reference to the object in which the method is being called. Inside the method,
using dot notation with the
self parameter allows it to access the object’s
attributes, in this case using them to control the width and height of a
11.2.3. One Method, Multiple Instances¶
To reinforce the idea that
self will always be a reference to the
particular object in which a method is being called, look at the following code
__init__() is called, its
self parameter is referencing a
new object. And each time
draw() is called, its
references just the particular object in which
draw() was called. Another
way of thinking about it is that for a method called via dot notation,
will be a reference to the object on the left side of the dot.
11.2.4. Fruitful Methods and Void Methods¶
In the chapter on Functions, we discussed two types of functions in
Fruitful Functions and Void Functions. The same distinction can be applied to a class’s
methods as well. The
draw() method above is a void method, because it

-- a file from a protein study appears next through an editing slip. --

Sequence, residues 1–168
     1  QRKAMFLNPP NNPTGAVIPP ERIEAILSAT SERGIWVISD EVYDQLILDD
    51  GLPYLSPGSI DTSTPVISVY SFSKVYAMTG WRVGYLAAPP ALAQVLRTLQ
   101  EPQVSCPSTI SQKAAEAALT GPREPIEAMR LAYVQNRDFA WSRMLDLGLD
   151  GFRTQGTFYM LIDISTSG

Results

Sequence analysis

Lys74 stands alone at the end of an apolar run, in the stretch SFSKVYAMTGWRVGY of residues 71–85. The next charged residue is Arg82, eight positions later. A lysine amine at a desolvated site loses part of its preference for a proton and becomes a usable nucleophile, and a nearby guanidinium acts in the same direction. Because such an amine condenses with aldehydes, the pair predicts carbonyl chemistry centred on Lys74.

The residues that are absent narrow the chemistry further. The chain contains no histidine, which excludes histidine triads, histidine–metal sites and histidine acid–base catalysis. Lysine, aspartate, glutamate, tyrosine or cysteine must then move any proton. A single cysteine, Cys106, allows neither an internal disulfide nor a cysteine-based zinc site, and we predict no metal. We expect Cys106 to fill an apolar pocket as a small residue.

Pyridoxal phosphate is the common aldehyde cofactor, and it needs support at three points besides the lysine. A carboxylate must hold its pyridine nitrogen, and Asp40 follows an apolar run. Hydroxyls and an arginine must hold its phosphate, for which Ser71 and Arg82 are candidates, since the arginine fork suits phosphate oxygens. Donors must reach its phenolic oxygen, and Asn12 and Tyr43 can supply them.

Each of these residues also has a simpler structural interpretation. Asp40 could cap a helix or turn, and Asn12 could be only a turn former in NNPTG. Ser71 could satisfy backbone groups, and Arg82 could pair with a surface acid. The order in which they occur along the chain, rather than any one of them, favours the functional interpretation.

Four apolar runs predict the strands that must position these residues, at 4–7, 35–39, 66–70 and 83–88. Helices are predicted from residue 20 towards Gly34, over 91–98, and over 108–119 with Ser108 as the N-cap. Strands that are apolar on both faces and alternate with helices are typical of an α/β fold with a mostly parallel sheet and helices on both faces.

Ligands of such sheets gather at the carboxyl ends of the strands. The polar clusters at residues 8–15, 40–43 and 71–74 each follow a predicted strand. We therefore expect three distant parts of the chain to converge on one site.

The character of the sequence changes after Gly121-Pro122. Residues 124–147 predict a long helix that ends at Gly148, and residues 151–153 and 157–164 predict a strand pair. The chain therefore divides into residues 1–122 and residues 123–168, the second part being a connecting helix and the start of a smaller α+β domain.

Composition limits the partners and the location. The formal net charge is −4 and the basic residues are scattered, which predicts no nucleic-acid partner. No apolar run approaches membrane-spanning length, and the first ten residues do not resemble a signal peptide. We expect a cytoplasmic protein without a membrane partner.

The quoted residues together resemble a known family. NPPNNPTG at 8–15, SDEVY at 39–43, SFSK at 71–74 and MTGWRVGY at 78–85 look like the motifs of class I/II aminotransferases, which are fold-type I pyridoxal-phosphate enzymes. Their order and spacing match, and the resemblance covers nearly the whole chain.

doesn’t return a value. We can define fruitful methods that return values as
well. For example:
get_area() method is a fruitful method with a return statement.
When it is called, the method returns a value, which here we save in a new
It can be helpful to think of void methods as things an object can do, and when you call a void method, you are telling an object to do that thing. Fruitful methods, on the other hand, can be thought of as answering a question, and when you call a fruitful method, you are asking the object that question in order to get its answer (the return value of the method).
This can help when designing classes as well. As you design a class and define its methods, think about whether each method is something you want an object of that type to do (implies it should be a void method) or a question the rest of the program might need to ask that object (suggests a fruitful method with a return value).